How Much Do SaaS Companies Spend On Marketing?
This is a common question that SaaS companies face when allocating their marketing budget. There are many factors to consider when making this decision, such as the size of the company, the stage of the product (pre-launch, MVP, PMF, Growth-Phase, Hyper-scaling), and the growth goals of your marketing team.
Generally, B2B SaaS companies will allocate a more significant portion of their marketing budget to paid search (Google Ad or Bing Ads) and paid social media advertising than traditional companies. This is because any SaaS product is often sold through digital channels, so these platforms can effectively reach your potential customer.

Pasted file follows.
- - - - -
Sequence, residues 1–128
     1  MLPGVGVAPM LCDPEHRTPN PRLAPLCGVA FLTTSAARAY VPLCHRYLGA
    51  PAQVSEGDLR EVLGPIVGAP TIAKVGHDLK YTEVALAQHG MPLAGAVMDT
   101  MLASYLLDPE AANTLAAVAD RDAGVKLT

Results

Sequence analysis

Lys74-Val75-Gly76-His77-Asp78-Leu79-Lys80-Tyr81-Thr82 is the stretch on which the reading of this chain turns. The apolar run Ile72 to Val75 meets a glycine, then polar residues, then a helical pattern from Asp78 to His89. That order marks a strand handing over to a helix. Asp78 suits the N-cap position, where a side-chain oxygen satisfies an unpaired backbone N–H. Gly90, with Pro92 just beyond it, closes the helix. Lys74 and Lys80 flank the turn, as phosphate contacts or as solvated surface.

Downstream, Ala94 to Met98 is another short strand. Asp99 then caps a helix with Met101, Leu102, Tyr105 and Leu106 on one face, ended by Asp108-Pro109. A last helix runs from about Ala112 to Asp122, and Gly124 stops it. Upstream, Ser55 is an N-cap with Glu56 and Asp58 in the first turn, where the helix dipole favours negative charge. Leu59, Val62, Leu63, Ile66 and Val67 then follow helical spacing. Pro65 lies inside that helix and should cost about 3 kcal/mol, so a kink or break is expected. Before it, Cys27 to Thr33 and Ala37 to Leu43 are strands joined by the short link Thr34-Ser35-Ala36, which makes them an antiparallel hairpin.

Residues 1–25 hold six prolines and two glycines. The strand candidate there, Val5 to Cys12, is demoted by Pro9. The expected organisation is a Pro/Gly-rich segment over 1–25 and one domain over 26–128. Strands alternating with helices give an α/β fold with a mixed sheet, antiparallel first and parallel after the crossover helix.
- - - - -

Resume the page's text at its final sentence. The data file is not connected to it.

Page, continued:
Additionally, a B2B SaaS product usually has a longer sales cycle than other products, so keeping your brand top of mind throughout the entire process is essential.
Before you set a marketing and advertising budget, you need to have a deep understanding of the SaaS market in the SaaS industry and your growth goals. A team of experts who can create targeted marketing campaigns and messages will help ensure your SaaS product stands out from the competition. If you’re setting a budget for a marketing channel like paid media like paid social, video advertising, or paid search, you can ensure success by:
- Evaluating the market search volume for your product/service to fuel your product marketing.